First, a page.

China drives down drug prices with bulk-buy bidding

China drives down drug prices with bulk-buy bidding

Pharma giants that used to profit from off-patent drugs forced to compete with local generic makers

Chinese customers buy medicines at a pharmacy in Beijing. (Reuters Photo)
Chinese customers buy medicines at a pharmacy in Beijing. (Reuters Photo)

Drugmakers that want to sell to public hospitals in China now have to bid for the privilege, which is driving prices down sharply and making Big Pharma nervous.

Beijing has been pushing forward a system that requires drugmakers to go through a bidding process and cut prices low enough to be considered over generic copies if they want to sell their products at public hospitals via large-volume government procurement.

Some big global names such as AstraZeneca and Merck have already cautioned about intensifying price pressures on their mature brands in the world’s second largest drug market, as China expands the usage of the programme.

In the latest bidding on Friday that involved 33 drugs and 122 companies, Bayer slashed the price of its popular diabetes treatment Acarbose to 0.18 yuan (2.6 US cents) per pill, 78.5% lower than the price ceiling set by the government in December. That actually undercut some Chinese generic providers and squeezed them out of the tender, according to a Reuters calculation based on the preliminary results released by the authority overseeing the programme.

“Products that won bids in this round of centralised procurement saw a huge price drop, which squeezes out unreasonable overpricing that has existed in drug distribution for a long time,” the authority said in a statement published alongside the preliminary results on Friday.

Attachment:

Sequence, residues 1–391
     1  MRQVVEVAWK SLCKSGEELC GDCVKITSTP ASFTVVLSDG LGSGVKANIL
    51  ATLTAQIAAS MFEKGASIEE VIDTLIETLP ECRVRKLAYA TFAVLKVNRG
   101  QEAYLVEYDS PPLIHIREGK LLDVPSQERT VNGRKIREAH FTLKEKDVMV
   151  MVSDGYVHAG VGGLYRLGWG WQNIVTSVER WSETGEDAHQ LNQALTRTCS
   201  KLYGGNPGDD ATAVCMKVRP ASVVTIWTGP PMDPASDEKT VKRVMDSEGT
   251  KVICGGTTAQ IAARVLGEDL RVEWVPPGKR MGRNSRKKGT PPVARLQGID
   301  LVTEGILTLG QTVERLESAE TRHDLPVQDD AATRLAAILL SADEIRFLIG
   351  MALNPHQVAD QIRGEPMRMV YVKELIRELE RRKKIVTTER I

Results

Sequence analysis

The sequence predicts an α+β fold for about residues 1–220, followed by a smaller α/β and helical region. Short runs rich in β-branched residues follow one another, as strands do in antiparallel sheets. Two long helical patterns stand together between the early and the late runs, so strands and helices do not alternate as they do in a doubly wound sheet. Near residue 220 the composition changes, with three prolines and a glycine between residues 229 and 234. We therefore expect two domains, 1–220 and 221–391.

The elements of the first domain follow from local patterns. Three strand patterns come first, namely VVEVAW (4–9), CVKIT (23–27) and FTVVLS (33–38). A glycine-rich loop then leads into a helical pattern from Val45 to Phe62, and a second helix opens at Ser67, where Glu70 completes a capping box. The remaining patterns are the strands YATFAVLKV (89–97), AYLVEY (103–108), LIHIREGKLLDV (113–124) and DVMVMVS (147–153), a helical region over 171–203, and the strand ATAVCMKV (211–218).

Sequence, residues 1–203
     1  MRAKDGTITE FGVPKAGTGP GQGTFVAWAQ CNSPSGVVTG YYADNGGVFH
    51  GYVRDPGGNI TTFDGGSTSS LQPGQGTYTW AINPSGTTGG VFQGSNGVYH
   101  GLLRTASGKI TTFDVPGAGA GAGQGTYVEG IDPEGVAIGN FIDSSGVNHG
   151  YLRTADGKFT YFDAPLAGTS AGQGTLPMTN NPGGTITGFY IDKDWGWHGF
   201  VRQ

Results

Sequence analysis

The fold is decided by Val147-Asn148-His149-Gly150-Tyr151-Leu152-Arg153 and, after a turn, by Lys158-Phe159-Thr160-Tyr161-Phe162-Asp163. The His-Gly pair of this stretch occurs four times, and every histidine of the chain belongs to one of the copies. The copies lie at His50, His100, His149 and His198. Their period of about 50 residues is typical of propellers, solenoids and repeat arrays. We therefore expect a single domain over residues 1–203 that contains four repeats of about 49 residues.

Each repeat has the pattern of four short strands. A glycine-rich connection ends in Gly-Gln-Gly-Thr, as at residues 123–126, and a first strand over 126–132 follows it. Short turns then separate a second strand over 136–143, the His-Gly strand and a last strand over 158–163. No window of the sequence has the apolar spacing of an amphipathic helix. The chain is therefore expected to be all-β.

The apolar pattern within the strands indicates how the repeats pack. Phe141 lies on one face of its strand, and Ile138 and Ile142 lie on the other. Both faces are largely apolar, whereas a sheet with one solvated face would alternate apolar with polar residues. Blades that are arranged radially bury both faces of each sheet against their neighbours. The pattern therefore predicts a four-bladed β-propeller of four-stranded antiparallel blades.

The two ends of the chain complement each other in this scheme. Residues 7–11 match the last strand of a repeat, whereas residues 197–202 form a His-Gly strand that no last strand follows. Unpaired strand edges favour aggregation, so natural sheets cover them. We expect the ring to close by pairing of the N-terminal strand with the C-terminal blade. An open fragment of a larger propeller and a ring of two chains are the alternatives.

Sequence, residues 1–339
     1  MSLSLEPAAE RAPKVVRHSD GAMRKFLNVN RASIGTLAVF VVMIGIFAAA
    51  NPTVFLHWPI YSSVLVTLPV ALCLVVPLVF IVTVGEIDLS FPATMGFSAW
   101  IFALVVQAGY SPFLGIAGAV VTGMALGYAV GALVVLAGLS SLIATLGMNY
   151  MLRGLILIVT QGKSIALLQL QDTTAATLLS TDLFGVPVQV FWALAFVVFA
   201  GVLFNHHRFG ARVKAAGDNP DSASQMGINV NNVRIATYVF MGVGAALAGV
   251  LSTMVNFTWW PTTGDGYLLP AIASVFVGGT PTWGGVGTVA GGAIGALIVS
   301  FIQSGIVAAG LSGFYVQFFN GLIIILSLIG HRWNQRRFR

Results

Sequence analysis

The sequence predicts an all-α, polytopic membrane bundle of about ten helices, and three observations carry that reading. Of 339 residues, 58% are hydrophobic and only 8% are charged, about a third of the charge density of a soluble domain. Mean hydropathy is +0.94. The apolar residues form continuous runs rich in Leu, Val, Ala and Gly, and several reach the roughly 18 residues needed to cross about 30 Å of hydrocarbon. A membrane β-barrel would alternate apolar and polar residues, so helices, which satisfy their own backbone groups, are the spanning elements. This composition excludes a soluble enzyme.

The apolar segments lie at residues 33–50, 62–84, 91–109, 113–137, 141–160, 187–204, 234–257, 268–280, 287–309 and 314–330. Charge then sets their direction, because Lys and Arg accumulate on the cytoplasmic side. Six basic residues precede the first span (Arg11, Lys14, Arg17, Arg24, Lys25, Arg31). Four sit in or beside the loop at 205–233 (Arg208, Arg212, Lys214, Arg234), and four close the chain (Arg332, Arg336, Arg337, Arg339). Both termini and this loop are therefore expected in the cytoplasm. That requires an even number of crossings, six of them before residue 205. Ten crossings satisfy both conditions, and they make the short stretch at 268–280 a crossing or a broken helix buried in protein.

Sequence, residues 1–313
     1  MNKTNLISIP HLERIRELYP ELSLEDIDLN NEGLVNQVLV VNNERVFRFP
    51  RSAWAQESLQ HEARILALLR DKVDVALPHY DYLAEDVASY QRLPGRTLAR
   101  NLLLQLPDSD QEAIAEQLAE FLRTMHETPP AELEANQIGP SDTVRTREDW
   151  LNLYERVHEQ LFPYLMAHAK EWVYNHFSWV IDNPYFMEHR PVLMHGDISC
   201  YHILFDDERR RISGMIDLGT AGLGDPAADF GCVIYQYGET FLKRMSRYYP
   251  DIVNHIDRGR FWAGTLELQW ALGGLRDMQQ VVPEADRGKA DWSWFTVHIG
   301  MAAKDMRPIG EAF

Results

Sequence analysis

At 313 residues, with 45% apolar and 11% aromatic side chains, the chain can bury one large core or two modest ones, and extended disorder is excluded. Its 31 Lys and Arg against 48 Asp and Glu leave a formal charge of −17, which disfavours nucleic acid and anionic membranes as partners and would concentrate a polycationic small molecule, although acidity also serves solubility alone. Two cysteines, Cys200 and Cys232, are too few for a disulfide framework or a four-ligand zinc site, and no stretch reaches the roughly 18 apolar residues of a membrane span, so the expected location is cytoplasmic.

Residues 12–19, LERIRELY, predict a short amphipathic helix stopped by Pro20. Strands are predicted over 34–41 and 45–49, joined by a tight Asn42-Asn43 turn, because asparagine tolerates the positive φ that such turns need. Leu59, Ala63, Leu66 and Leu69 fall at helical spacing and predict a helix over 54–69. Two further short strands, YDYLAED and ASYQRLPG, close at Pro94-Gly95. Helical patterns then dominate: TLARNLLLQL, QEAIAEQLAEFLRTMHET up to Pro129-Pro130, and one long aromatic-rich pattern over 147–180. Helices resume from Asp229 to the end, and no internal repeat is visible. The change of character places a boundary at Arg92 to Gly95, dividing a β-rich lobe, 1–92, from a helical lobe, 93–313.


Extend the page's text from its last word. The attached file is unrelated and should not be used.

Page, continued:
Selling prices of over 100 types of commonly used drugs are on average about 17 to 18 times their manufacturing costs, the statement said.

Some other drugs that included therapies for hypertension, dementia and viral infections saw prices drop by more than 60% in the bidding, according to Zhang Jialin, a healthcare analyst at ICBC International.

Chinese generic makers won bids for most of the 33 drugs, including generic versions of drugs ranging from Johnson & Johnson’s prostate cancer treatment Zytiga to the erectile dysfunction treatment Cialis by Eli Lilly, the results showed.

In Friday’s bidding, for products with two bid winners, 60% of the government procurement volume can be shared among the winners, according to official documents detailing the tender rules. For products with four winners and more, as much as 80% of the volume can be shared among the companies.

In the first round of the nationwide bulk-buy bidding contest in September, global drugmakers including Sanofi and Eli Lilly managed to cut some prices low enough to levels close to those offered by local generic makers. 

China is doubling down on its efforts to radically overhaul its healthcare system by driving down prices of off-patent drugs to free up state funds for novel, cutting-edge therapies. The campaign is putting pressure on profit margins for both foreign and domestic drug makers.

A pilot bidding round in late 2018 resulted in prices plunging by more than half as generic drugmakers undercut their global peers. Its success emboldened Beijing to expand the programme nationwide in 2019 and then initiate a second round of supply contracts for its public hospitals.

“Overall the price fall this time is deeper than the first round,” Zhang said. “Most of the originators are out in this round so the takeaway is that the exercise will gradually phase out originators and replace them with domestic companies.”

Global drug makers are having to adjust to a new normal in China, which was once a lucrative market for their off-patent medications. In the previous round, this has resulted in prices of well-known medicines like Pfizer’s cholesterol pill Lipitor dropping by as much as 74% below their previous prices in China.

In a new feature, the government has this time added a price ceiling for each drug. The price caps were as much as 95% below current prices in China, according to estimates by ICBC International.

“The game is over for foreign pharmaceuticals looking to make money from drugs with expired patents,” said Zhang. “They have to keep bringing in new therapies to China to offset the price cuts on older drugs.”


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